I’ve been inspired by the Isle of Wight Literary Festival to set up my own blog to share my creative writing. I’m new to writing which I’ve only been doing since joining a creative writing group in July 2012 and extremely new to blogging which I’ve been doing for about 10 minutes. I write all kinds of fiction and am really enjoying playing with styles, characters and genres. I’ve written first, second and third person and particularly enjoy taking the story in a way the reader least expects, hopefully with a killer twist!
Here’s a story I first had the idea for when I was at school but it took me almost 30 years to get around to writing it.
She runs fast as lightning through the dense wood which is still and black as velvet. Leaves rustle and a branch cracks loudly; there is something out there, watching, waiting. She can hear nothing except her heartbeat and is close to collapse but, when she has almost no breath left, a cottage appears in the night. With smoke curling from the chimney and a welcoming glow at the windows, it is sanctuary and she emits a high-pitched laugh of relief.
She bangs at the door, hears a shuffling from inside and then a deep voice calls out, “Who’s there?”
“My name is Ruby. Will you let me in?”
There is a pause when she can hear a low muttered exchange, then the door opens a crack and dark eyes under heavy brows regard her suspiciously.
“Please. There’s something out here.”
The door opens wider and she slips through the gap before he can change his mind.
From the kitchen a woman stares at Ruby, her eyes a startlingly bright blue, as fair as her husband is dark. Two cherub-cheeked faces peer at her from behind their mother’s skirts, as alike as peas in a pod but for the fact that one has long blonde hair and the other’s is short.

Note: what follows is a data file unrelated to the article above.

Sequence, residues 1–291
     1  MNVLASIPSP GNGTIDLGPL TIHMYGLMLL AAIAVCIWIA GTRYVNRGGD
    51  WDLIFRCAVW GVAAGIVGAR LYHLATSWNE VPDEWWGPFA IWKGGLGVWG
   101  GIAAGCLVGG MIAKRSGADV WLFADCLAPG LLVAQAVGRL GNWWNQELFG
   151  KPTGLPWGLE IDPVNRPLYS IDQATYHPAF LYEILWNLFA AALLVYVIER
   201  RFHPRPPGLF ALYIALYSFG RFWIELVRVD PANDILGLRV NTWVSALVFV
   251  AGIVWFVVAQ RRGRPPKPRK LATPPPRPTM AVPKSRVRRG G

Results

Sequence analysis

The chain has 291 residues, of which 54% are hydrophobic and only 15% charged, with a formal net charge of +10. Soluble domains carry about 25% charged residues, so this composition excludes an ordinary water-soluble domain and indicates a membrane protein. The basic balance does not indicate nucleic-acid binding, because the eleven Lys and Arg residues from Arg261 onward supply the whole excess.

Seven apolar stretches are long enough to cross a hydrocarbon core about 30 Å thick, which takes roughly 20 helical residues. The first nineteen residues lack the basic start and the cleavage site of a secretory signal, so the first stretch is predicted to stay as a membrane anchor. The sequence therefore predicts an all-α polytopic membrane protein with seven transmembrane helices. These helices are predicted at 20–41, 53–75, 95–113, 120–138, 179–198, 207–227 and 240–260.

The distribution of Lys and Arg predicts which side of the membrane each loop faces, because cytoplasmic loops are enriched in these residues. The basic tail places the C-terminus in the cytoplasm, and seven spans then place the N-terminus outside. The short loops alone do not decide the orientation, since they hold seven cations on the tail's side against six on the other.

The woodsman looms above her and Ruby stands with her back against the door as she is scrutinised by the family.
“Sit down. Meg will fetch some soup.” It is more order than invitation so Ruby removes her red cloak and takes a seat at the kitchen table just as a bowl is placed in front of her. “Thank you”, she smiles at Meg who silently moves back to the fireplace.
She hasn’t eaten for some time so holds the wooden bowl below her chin to be able to spoon the hot broth more quickly into her mouth. She takes a chunk of bread and mops up the last of the liquid from the bowl then sits back, hunger sated.
“What damn fool girl runs around the woods after dark?” the woodsman demands angrily.
“I went to visit grandmother and took the wrong track on my way home,” Ruby replies calmly. “I could hear something following me and got scared.”
“So you should be. There’s things in these woods that terrify grown men, never mind young girls.”
“What do you mean?” she asks, frowning slightly.
“There’s things out there that’d eat you soon as look at you.”
Ruby glances over towards Meg and the twins. The woodman’s wife is ashen-faced with fear and the children cling to her as if she can make nightmares go away. Without a word, she picks them up and leaves the kitchen to put them to bed.
“What kind of things? Bears? Or something else?”
“All’s I know is that livestock started turning up dead a few months ago. And then … people.”
“The blacksmith’s boy and Old Tom. Lord knows what they was doing out after dark. I found Old Tom an’ it weren’t pretty.”
“What I heard out there sounded big. Could it be a wolf?”
“There’s been no wolves around here for years!”
“Maybe not, but I’ve heard tales of men who aren’t men all the time. The animal part of them takes over when the moon is full. Like tonight.”
The woodsman looks at Ruby like she’s lost her senses. “You’re more of a fool than I thought if you believe that rubbish,” he snarls.
Ruby presses on, “These are big, strong, dark men of few words. They are also passionate lovers, or so I’ve heard.” She holds his gaze and lets her words linger.
The woodsman stares at her for some time. Ruby can hear him breathing. He stands and approaches her, grasping her shoulders with his large hands. A smile plays across Ruby’s lips as looks up at him.
“I know what you’re playin’ at and I’ll have no part of it. My wife and children are in the next room. I’d throw you out right now if it weren’t for what’s outside. I don’t want blood on my hands.” He pushes Ruby away and heads towards the bedroom door without a backward glance. “Sleep in here tonight.”
Ruby kicks the table out of frustration then, nursing a bruised toe, sits down to sulk. As the fire turns to embers, she grows cold and wraps her cloak around her.
Ruby pads quietly towards the bedroom, moonlight glinting off her sharp teeth. She nudges the door open, needing something more substantial than broth to satisfy her hunger. All along she had known, one way or the other, that she would have the woodsman.